When a surgeon needs to remove parts of the eye or the eye socket to remove the cancer near the sinuses, possible surgeries that may be needed include the following:

  • Orbital exenteration is the removal of all eye socket contents, including muscles, the lacrimal gland system and the optic nerve, as well as varying parts of the bone of the orbit. The eyelid may be spared. This procedure is performed for large cancers of the eye, the skin over the eye or eyelid or cancers from areas that extend into the eye socket, such as the paranasal sinuses, maxilla, skin or a part of the eye. This surgery is done after a general anesthetic has been given. Since this procedure is done for the spread of a cancer into the eye socket from another location, it is typically done along with an associated procedure such as a maxillectomy or craniofacial resection.
  • Enucleation is the removal of the eye, including the globe, but it leaves the eye socket contents in place. Orbital contents that may be left include the bones of the orbit, extraocular muscles, fat and conjunctiva, which is the mucous membrane that covers the front of the eye and lines the inside of the eyelids. This surgery is typically done for cancers such as retinoblastoma and other cancers in which vision is already gone. This surgery can be done with a regional nerve block without a general anesthetic. However, a small dose of an anesthetic may be given to keep you motionless. An artificial eye may be placed at a later date.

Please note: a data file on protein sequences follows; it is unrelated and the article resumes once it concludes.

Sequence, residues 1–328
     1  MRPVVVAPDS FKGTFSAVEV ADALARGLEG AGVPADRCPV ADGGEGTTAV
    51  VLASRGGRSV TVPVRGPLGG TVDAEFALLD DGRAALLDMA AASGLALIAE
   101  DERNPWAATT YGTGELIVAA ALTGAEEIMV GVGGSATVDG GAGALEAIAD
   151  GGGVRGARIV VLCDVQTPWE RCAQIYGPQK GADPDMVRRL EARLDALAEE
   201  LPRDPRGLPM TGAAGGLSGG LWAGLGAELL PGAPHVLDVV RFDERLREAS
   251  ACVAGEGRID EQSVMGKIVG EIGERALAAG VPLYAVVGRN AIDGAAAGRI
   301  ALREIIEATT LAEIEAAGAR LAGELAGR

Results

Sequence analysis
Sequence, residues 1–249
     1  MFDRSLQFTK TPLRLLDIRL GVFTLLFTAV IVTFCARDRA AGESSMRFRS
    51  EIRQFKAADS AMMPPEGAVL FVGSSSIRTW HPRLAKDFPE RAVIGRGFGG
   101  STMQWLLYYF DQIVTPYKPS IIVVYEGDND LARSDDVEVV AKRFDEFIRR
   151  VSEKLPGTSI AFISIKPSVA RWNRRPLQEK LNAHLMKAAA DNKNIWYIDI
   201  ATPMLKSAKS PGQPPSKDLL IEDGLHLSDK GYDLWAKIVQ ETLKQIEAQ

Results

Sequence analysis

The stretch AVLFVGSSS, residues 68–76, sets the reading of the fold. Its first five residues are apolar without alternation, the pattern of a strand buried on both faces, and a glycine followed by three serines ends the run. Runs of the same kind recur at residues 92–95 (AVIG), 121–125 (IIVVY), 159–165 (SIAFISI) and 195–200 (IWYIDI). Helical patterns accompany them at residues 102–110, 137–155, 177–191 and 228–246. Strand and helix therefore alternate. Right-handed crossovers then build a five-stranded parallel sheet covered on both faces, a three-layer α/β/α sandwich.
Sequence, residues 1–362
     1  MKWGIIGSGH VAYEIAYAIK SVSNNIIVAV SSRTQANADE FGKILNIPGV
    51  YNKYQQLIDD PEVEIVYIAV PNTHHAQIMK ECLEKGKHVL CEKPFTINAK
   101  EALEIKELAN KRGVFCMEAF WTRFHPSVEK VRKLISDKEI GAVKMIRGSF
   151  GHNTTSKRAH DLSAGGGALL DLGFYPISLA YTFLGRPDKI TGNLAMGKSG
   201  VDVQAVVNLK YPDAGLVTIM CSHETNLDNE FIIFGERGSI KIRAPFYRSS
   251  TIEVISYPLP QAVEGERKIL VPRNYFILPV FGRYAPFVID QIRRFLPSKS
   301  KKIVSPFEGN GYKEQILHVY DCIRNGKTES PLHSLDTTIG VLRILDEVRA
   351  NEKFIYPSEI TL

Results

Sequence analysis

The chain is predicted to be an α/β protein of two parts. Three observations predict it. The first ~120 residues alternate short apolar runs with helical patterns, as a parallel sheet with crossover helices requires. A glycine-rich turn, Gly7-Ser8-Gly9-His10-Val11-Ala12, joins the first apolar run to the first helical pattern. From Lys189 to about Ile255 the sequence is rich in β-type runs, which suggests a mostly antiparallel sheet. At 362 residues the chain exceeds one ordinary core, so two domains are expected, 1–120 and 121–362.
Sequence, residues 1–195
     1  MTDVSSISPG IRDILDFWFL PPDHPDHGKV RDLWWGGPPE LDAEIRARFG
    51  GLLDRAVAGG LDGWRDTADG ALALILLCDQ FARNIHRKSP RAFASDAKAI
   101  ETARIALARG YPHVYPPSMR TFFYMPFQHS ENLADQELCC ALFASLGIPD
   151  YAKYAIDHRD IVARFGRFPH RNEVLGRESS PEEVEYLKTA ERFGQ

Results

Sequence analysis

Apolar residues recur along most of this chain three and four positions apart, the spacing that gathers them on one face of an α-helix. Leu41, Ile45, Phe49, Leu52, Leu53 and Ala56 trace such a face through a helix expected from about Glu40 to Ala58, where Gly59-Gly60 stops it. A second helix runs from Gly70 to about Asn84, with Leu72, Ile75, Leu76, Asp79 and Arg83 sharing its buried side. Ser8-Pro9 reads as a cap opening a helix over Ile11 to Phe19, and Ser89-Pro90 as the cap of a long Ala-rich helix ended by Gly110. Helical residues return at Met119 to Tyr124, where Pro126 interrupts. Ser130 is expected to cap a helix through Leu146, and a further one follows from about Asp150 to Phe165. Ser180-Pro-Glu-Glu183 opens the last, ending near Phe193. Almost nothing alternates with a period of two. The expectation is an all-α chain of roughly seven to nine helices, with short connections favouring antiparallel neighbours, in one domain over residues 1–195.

A craniofacial resection may be done if the cancer is found in the ethmoid sinuses, frontal sinuses and/or the sphenoid sinuses. This surgery is more extensive than a maxillectomy in that it can include removal of the upper parts of the eye socket and front of the skull base.

A neck dissection is often performed to remove lymph nodes, regardless of whether the cancer is in the sinus or nasal cavity. A partial or selective neck dissection involves removal of a few lymph nodes. A modified radical neck dissection involves removal of most of the lymph nodes on one side of the neck between the jawbone and collarbone, in addition to some muscle and nerve tissue. A radical neck dissection involves removal of nearly all of the lymph nodes on one side of the neck and even more muscle, nerves and veins.

Radiation therapy

Radiation therapy is the use of high-energy particles such as X-rays to kill cancer cells. It can be used as the main treatment instead of surgery or if a person’s general health is too poor for surgery. It also can be used after surgery to kill small areas of cancer cells; radiation therapy given after surgery is called adjuvant treatment. If the cancer has spread to the brain or spinal cord, radiation therapy may be used as well.